Johannes Brahms (1833-1897):  
Ein Deutsches Requiem
,  Op. 45  

This imposing and emotional work largely established Brahms’ reputation while he was still in his mid thirties.  It is not a conventional requiem since it doesn’t use the words of the catholic Requiem Mass, but instead draws texts from the Lutheran (or “German”) Bible, more in the manner of an oratorio.  It speaks of consolation for the living rather than the commemoration of the dead.  Although Brahms had probably been planning such a work since Schumann’s death in 1856, it was actually begun in response to the death of his mother at the age of  76 in January 1865, completed only gradually and not performed in full until 1869.  Three of the eventual seven movements were given for the first time in Vienna in 1867, and Brahms conducted six in Bremen the following year, when friends from his home city of Hamburg were among the performers. 

The first movement, subdued and reflective, sets words of comfort for those who mourn; while the second is a pounding funeral march with a text about the frailty of earthly life.  In the third the baritone soloist joins the choir with a plaintive melody which continues the theme of the impermanence of the human condition before suddenly giving way to a confident fugue.  The fourth movement is the famous and lyrical “Wie lieblich sind deine Wohnungen” (“How lovely are thy dwelling places”: Psalm 84) often sung separately by choirs in concerts and church services.  The last-completed movement, the fifth, involves the soprano soloist and refers, with poignant beauty, to the comfort given by a mother.  The baritone returns for the sixth movement, with texts about the conquest of death, principally from 1 Corinthians: this movement starts sombrely, has an agitated central section and concludes in a stately and extended fugue.  The final movement returns to the mood of the opening one, with familiar words of reassurance from Revelation.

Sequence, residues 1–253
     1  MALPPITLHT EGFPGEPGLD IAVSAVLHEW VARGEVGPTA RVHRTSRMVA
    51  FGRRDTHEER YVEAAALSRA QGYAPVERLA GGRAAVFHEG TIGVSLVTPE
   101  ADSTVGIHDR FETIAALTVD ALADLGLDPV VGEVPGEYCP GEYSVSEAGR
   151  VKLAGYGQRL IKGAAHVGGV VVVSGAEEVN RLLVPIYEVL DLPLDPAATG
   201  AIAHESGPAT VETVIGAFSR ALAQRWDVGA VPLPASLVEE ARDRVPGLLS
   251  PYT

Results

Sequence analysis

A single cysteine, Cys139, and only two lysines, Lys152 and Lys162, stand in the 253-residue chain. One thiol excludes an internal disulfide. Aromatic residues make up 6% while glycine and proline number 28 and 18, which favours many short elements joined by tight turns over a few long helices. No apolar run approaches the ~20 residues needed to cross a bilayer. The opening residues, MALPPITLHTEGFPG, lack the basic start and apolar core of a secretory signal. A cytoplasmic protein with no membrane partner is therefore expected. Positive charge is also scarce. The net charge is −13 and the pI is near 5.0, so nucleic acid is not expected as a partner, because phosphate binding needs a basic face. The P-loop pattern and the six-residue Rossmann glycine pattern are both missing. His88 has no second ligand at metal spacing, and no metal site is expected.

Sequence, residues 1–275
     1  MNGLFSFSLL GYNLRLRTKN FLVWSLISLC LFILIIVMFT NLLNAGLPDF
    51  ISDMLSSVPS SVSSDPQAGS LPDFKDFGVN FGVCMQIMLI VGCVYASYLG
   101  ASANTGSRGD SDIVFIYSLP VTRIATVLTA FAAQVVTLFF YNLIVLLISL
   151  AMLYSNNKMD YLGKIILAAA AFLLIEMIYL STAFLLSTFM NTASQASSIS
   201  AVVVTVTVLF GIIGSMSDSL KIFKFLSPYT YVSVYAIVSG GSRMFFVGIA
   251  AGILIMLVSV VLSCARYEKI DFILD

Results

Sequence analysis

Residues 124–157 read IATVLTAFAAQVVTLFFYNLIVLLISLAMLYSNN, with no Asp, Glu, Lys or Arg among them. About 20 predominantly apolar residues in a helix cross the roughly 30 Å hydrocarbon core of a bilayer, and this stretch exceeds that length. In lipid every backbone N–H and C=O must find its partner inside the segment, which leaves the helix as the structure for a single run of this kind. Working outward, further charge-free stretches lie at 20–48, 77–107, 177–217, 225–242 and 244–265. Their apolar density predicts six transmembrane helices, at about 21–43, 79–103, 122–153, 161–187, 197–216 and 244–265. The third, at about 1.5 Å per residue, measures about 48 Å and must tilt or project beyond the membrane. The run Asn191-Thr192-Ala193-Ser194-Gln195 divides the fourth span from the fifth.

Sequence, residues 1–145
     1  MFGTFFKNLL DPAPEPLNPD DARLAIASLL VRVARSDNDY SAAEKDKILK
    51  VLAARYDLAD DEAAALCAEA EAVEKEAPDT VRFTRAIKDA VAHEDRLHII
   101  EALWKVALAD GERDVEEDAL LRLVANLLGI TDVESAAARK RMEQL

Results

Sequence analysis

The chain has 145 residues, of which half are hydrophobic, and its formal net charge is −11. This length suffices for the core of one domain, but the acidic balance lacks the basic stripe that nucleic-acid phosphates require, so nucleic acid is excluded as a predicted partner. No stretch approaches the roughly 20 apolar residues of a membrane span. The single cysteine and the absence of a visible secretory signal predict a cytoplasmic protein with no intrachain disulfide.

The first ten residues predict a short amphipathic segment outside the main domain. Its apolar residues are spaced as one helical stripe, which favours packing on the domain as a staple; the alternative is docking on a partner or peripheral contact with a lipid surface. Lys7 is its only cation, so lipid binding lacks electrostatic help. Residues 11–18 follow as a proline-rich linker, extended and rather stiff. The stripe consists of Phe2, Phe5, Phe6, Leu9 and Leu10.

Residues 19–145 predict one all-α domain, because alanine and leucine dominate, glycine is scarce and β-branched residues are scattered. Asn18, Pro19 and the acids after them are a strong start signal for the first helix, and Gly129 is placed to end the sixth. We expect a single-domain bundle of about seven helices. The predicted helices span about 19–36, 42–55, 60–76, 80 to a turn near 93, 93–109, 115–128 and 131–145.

The first performance in Britain of Ein Deutsches Requiem was in 1871 at the private London home of the eminent concert pianist Kate Loder (Lady Thompson); and for this occasion Brahms made the four-hand piano version of the accompaniment.   Brahms was still a relatively inexperienced orchestral writer at this date and the piano version reveals the rhythmic and harmonic structure of the music with sharper clarity and greater intimacy than the orchestra often does (in fact it can be performed quite effectively even without the choir!).   

Peter Harbord,  North Yorkshire Chorus

Text and translation  (pdf)

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